The Australian National University (ANU) is proud to be a University Partner for the National Youth Science Forum (NYSF), hosting students on our campus this January for their flagship 2020 Year 12 Program.
The opening ceremony was held at the Australian Academy of Science's Shine Dome, a unique national landmark. Four guest speakers and an introductory lecture highlighted the incredible opportunities this program offers for students about to enter year 12.
NYSF Chief Executive Officer Dr Melanie Bagg and Chair Andrew Metcalfe AO welcomed the group, and thanked NYSF partners for their ongoing support and commitment to promoting Science, Technology, Engineering and Maths (STEM) literacy.
"I hope that our participants are inspired by the experiences you have, the people you meet, the institutions you visit, and each other - and you go onto have wonderful careers and wonderful experiences," said Mr Metcalfe.
As a founding partner, Rotary District 9710 Governor Peter Ford said the ability of these programs to bring young people from around Australia together to nurture their passion for science. He left the students with an important word of advice: "for most of you this will be a stepping-stone for your successful future... so grasp this opportunity by both hands".
The Australian Academy of Science's Policy Director, Chris Anderson, spoke about the Academy's extensive network of scientists from around the world, and their efforts to improve gender diversity in science. He also pointed out an important aspect of science that is often overlooked:
"Not all scientists come in a lab coat. They are young and old, shy and outgoing, women and men. Some work in a lab, some work outside and some work underwater,” he said.
"But despite their differences, they all have something in common: they solve problems and ask questions. I have a fundamental view that when science is at its best and most persuasive, we can change the world for better”.
Students were treated to a very timely and topical introductory lecture from award-winning ANU climate scientist Dr Marta Yebra. She spoke about her research on using remote sensing data to monitor, quantify and forecast natural hazards, in particular bushfires. Satellite technology is used in the Bushfire and Natural Hazard Cooperative Research Centre to determine the flammability of Australia's bushland, and assist Australian Fire Services to plan, prepare and respond to bushfires.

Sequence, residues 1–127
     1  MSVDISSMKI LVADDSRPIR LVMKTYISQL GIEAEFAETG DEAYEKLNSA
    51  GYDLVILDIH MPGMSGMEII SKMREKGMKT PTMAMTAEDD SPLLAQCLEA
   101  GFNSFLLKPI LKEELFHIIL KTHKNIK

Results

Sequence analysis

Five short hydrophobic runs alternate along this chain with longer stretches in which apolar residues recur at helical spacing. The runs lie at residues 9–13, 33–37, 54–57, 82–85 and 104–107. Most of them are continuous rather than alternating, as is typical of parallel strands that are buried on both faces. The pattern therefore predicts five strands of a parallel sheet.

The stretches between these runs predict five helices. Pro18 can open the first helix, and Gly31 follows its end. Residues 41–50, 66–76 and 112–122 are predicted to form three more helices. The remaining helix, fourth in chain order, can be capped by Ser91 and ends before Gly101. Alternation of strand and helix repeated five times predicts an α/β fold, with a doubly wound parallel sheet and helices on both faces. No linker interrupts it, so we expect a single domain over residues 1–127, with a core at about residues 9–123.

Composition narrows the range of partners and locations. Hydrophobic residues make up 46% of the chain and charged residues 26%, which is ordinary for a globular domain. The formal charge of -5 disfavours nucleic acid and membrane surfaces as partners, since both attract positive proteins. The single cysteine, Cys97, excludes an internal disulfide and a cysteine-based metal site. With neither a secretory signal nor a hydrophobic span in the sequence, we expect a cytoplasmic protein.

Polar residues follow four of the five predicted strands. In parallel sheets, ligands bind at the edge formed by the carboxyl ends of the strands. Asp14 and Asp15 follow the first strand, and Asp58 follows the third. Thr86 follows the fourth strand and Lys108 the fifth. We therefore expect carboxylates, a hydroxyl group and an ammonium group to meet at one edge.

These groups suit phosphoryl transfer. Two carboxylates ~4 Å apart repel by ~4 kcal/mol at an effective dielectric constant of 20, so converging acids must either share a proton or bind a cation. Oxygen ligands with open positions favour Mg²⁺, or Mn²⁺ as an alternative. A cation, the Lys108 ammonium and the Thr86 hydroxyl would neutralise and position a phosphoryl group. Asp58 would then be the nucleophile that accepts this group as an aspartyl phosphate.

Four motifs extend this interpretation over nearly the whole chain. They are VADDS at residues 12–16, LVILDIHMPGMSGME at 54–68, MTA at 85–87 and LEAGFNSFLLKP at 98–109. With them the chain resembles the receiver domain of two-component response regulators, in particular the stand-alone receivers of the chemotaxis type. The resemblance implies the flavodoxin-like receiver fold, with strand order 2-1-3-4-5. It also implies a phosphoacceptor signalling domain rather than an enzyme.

"Satellite technology can determine moisture content, fuel load, fuel structure, fire hotspots, active fires, burnt areas, the severity of fires, and how much vegetation was lost in a fire," said Dr Yebra.
Dr Yebra is a Senior Lecturer in Environment and Engineering at the Research School of Aerospace, Mechanical, and Environmental Engineering and the Fenner School of Environment & Society. She is also a Mission Specialist of the ANU Institute for Space, and Associate Editor for journal Remote Sensing of Environment, and she used her wealth of knowledge to answer student’s questions after her lecture.
It was inspiring for students to hear from Dr Yebra, who is very passionate about her work and career in STEM.
Due to the extensive impact of recent Australian bushfires and smoke levels in Canberra, NYSF was forced to end Session A pre-maturely and to cancel Session C outright, impacting over 400 students. Due to ANU campus closures because of the smoke and safety risks, some of the planned College of Engineering and Computer Science (CECS) workshops did not go ahead in 2020. We are saddened by the cancellation, however safety and wellbeing must always come first.
The College would like to extend our thanks and gratitude to the NYSF community; all the participants and their families, the volunteers, providers and staff who share our passion for science and technology.
Congratulations to the hardworking team at NYSF for creating these opportunities for young people. We look forward to continue partnering with you to inspire Australia’s young scientists.
Find out more about the work of the National Youth Science Forum.
This is an abridged version of an article first published on NYSF.